Family Values, Power, and the Climate

In a study released last month, the researchers warned of an abrupt and catastrophic climate shift caused by burning fossil fuels that would affect us by the end of this century.  Global warming is set to cause really irreparable damage, even perhaps within 50 years, yet people think that’s far in the future and no action is needed.  If Americans extol family values so much, why can’t they consider the future welfare of their children and grandchildren?  This is another example of the limited vision of many Americans.  This limited vision will bring their children and grandchildren a future that will be horrible to an unprecedented degree, causing suffering that is unimaginable to us.

Surveys provide varying results to support this.  Gallup states that 41% of US adults feel warming will pose a “serious threat” to them during their lifetimes; 64% of those polled said they worried about global warming a “great deal” or a “fair amount”; and 59% of people think that changes in the climate are under way. Additionally, a record 65% of Americans said global warming was due to greenhouse gases released by human activity.  However, according to the Public Religion Research Institute, people in the U.S. are twice as likely to say that climate change will impact people in poorer developing countries a great deal (54%) than to say it will impact them personally (24%). To reiterate: less than one-quarter of Americans think they’ll be personally harmed a great deal by climate change.  Americans also think other Americans will be harmed more than they themselves will. Sixty-eight percent of Americans say the U.S. public overall will experience a great deal or a moderate amount of harm because of climate change, compared to 54% who say the same about themselves personally.  The difference between 41% and 24% is quite large, but neither is a majority, so it is likely safe to say that Americans are mainly living with their heads in the sand regarding climate change.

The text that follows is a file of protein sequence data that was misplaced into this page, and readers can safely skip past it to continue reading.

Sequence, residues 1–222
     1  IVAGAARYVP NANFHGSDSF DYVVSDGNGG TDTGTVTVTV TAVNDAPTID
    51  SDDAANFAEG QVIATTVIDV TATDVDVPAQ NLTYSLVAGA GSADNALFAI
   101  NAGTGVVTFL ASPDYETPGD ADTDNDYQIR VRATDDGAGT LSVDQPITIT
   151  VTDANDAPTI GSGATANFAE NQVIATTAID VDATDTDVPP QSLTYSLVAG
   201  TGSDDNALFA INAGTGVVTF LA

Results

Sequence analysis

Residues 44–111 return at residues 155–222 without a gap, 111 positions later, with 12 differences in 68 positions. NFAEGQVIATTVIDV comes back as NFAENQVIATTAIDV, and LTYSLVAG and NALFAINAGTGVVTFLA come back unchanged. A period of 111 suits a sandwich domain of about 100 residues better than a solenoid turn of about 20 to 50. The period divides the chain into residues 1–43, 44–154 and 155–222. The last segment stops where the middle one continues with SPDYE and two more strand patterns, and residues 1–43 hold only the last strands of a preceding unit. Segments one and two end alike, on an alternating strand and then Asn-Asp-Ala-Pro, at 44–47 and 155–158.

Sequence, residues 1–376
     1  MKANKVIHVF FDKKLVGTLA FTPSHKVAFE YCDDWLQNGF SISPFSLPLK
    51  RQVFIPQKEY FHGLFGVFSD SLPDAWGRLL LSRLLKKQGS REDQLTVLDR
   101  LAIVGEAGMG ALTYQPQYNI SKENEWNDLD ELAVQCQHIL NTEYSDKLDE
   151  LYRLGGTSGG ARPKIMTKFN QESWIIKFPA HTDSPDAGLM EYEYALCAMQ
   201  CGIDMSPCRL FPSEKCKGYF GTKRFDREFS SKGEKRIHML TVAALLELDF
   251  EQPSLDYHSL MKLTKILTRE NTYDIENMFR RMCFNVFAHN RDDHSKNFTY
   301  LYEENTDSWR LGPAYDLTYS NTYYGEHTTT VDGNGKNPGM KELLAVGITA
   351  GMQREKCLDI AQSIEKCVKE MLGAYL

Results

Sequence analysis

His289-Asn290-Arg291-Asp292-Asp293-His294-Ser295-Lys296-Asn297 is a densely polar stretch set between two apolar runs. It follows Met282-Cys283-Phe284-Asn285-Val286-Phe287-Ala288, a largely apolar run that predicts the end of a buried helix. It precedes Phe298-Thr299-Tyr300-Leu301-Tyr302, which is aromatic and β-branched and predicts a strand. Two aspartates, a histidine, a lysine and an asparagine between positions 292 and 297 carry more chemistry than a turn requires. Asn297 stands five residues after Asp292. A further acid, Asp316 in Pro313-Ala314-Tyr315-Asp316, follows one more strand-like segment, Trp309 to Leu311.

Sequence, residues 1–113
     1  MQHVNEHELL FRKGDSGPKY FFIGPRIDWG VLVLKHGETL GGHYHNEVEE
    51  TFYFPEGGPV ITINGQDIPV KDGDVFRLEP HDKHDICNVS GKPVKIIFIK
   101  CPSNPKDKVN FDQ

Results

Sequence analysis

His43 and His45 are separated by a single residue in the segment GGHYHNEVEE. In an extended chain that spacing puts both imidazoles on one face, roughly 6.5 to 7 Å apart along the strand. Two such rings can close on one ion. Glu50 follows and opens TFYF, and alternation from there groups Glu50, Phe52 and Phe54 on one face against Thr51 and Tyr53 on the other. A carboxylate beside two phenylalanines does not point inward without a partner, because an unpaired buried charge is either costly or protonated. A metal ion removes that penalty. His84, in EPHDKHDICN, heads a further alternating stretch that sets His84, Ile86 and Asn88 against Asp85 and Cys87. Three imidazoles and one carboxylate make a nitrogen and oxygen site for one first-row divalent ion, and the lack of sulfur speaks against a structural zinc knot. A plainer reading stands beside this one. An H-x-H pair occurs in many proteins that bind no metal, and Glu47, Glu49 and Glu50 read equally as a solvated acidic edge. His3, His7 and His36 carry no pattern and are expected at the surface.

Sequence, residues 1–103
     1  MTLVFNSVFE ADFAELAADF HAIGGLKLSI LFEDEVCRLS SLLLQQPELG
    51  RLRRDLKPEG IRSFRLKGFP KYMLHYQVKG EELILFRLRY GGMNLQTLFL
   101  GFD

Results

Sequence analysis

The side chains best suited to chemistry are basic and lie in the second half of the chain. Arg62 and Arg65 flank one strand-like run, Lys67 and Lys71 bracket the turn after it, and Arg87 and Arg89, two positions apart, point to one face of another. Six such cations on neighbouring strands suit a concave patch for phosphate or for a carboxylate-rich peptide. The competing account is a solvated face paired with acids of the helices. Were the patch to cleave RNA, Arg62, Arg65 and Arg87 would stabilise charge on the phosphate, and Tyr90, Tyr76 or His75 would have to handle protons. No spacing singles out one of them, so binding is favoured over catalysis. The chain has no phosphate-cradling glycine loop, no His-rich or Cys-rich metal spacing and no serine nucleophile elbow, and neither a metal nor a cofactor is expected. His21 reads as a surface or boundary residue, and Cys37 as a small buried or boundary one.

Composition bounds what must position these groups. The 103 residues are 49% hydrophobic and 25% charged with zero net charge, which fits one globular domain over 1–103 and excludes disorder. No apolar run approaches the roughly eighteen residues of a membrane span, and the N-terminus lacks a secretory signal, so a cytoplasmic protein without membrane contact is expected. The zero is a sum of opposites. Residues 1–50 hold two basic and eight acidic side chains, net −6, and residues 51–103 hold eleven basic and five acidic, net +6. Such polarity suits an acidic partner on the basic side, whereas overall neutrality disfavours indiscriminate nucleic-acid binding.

What should we be doing?  Aside from the obvious elimination of fossil fuel use, we should realize that it is time to change our views of things.  Power and control are important to Americans; our competitive society rewards the winners with power and control.  It seems that people believe these things are real.  However, being in control isn’t what’s important after all because it’s impossible.  The universe is much larger than we are, and life just on our planet is much more complex than we can comprehend; how can we control it?  The limits of our control are much smaller than we would like.  Real power is also much smaller than people would like, and quite different than generally believed.  Power really comes from knowing what to expect and what to do based on experience, knowledge, and understanding.  Real power comes from accepting our smaller place in the universe and working with the natural mechanisms of nature.  The true sage does not wield a magic staff and change things precipitately; rather, the sage knows how things work and how to work with them.  We can still accomplish our goals and achieve comfortable, satisfying lives without the brutal force we have been using.  This smaller power is very effective, just not spectacular.

Approaching life with a contemplative attitude and reverence for nature helps one along the road of learning how to live in and with the world.  More people need to realize this and move away from the values that have held sway for so long and make a real change.  This work is slow, but must be done.  I hope that more people will turn to the contemplative way soon, because they may be crucial in saving us from ourselves.

 

Copyright © 2016 Teresa Chupp.  All rights reserved.

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